Nepal | August 12, 2020

China may ‘misuse MLAT against Tibetan refugees’

Himalayan News Service
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Kathmandu, October 14

Rights activists and lawyers have cautioned that the newly signed mutual legal assistance treaty that enables signatories to serve subpoenas and collect evidence could be used by China to punish Tibetan refugees in Nepal.

The government is yet to release the full text of the treaty but Spokesperson for the Ministry of Law, Justice and Parliamentary Affairs Dhana Raj Gyawali said the newly signed treaty covered basically two issues: serving of subpoenas and gathering of evidence. “But there is no provision for executing judgment in this treaty,” he said.

Another source at the ministry of MoLJPA said the newly signed MLAT was based on Nepal’s Mutual Legal Assistance Act-2014 and almost all the provisions incorporated in that Act, except judgment execution, were part of the MLAA.

There is a clause in the MLAT that states there should be separate treaty for execution of judgment.

Indra Prasad Aryal, chairperson of Human Rights Organisation of Nepal, told THT that signing of mutual legal assistance with Nepal was a prelude to the signing of an extradition treaty with China. “In fact, we do not need an extradition treaty with China because we do not have open border with China. If we need to sign an extradition treaty with any country urgently, it is India for protecting our own interests because people commit crime here and flee to India,” he said.

He said China had been trying to sign extradition treaty with Nepal for long basically to punish political and religious dissidents. “China wants to take Chinese political and religious dissidents from Nepal and punish them in their own country. Our government, which has entered a gentleman’s agreement with UNHCR to provide safe passage to Tibetan refugees, needs to tread carefully on the extradition treaty issue,” he said.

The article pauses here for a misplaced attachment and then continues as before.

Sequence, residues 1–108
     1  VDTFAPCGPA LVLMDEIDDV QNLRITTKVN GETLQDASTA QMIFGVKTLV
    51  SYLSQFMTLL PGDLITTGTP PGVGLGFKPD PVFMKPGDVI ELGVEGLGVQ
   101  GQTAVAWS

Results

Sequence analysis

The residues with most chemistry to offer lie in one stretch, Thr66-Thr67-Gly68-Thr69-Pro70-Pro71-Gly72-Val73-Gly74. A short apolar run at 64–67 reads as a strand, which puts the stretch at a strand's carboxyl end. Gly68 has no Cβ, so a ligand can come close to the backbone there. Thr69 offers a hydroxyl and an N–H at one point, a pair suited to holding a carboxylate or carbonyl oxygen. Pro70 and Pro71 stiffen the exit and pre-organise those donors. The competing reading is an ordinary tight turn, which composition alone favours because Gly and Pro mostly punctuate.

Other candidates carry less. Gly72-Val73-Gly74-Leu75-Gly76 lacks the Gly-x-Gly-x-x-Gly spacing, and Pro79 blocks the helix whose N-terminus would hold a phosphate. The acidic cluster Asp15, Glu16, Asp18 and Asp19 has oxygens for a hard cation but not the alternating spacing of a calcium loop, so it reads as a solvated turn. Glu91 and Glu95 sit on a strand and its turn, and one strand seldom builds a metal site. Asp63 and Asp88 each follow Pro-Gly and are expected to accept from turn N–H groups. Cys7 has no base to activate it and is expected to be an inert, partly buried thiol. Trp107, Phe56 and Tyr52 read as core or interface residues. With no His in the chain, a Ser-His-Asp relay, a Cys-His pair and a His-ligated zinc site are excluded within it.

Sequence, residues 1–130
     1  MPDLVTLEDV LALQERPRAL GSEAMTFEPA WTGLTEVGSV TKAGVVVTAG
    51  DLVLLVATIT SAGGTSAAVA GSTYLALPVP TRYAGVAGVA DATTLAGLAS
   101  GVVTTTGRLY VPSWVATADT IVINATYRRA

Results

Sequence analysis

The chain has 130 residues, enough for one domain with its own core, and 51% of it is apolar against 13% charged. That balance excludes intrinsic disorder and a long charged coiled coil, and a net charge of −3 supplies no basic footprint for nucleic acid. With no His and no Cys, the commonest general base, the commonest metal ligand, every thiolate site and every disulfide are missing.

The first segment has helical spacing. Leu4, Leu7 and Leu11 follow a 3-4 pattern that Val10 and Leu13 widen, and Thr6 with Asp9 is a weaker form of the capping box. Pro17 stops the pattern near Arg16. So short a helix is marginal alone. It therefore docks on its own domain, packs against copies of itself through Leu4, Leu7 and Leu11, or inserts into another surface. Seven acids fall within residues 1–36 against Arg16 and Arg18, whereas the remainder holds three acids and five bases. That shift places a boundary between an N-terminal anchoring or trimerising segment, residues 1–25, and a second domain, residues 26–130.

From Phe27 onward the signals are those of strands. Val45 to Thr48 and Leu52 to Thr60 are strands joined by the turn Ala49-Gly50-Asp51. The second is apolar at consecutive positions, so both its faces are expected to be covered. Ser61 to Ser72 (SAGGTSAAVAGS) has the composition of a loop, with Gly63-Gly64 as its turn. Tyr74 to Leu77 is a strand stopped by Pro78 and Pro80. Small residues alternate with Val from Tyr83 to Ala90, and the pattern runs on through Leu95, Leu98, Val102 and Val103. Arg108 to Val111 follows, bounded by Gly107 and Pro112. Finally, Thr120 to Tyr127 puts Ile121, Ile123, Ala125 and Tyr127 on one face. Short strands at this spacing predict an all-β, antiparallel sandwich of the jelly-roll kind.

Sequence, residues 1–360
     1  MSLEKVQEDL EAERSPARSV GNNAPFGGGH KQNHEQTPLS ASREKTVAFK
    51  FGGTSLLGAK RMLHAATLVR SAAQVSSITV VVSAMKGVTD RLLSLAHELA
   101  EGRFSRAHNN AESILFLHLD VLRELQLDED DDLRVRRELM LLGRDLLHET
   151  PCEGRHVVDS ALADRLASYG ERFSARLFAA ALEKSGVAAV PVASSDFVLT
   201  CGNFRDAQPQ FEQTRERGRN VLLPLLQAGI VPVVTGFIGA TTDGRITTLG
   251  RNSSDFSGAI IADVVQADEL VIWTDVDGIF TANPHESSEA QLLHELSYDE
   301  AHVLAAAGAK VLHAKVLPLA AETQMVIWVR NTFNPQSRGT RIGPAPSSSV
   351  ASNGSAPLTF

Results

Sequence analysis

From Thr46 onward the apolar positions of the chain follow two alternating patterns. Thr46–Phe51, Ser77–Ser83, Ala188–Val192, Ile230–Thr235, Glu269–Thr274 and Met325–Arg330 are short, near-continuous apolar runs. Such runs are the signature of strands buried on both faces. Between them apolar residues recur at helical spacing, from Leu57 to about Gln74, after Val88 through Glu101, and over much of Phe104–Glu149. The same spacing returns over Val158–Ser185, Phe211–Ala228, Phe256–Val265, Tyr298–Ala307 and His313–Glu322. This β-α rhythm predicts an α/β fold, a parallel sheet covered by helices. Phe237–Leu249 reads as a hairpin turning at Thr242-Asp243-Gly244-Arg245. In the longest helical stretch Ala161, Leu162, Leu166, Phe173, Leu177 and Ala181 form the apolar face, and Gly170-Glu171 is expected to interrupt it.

Criminal lawyer Gopal Krishna Ghimire said China could misuse MLAT to unfairly target Tibetan refugees in Nepal.  “China can tell our government tomorrow that a particular Tibetan refugee has committed a crime in China and s/he should be kept under surveillance. In that case, the  Tibetan refugee could be unfairly targeted,” he argued.

According to Senior Advocate Satish Krishna Kharel, mutual legal assistance treaties are signed with the objective of performing basically four tasks: to issue subpoenas, collect evidence, execute judgment and to facilitate recovery.

He said MLAT could be misused by signatory parties. “Often countries slap criminal charges on political leaders and cadres to punish them and, therefore, MLAT runs the risk of being misused,” he added.


Mutual legal assistance criteria

As per Section 5 of Nepal’s Mutual Legal Assistance Act,  mutual legal assistance between Nepal and a foreign state may be provided in following matters related to judicial proceedings:

(a)       taking, collecting or receiving document or evidence

(b)       providing information and evidence by inspecting any relevant thing or place

(c)        providing originals or certified copies of relevant documents including banking, financial or business records

(d)       executing searches and seizures of objects, locating or identifying persons

(e)       facilitating the appearance of persons who can assist in a matter of criminal nature

(f)       serving summons

(g)       freezing or confiscating movable or immovable property

(h)       enforcing judgments


A version of this article appears in print on October 15, 2019 of The Himalayan Times.


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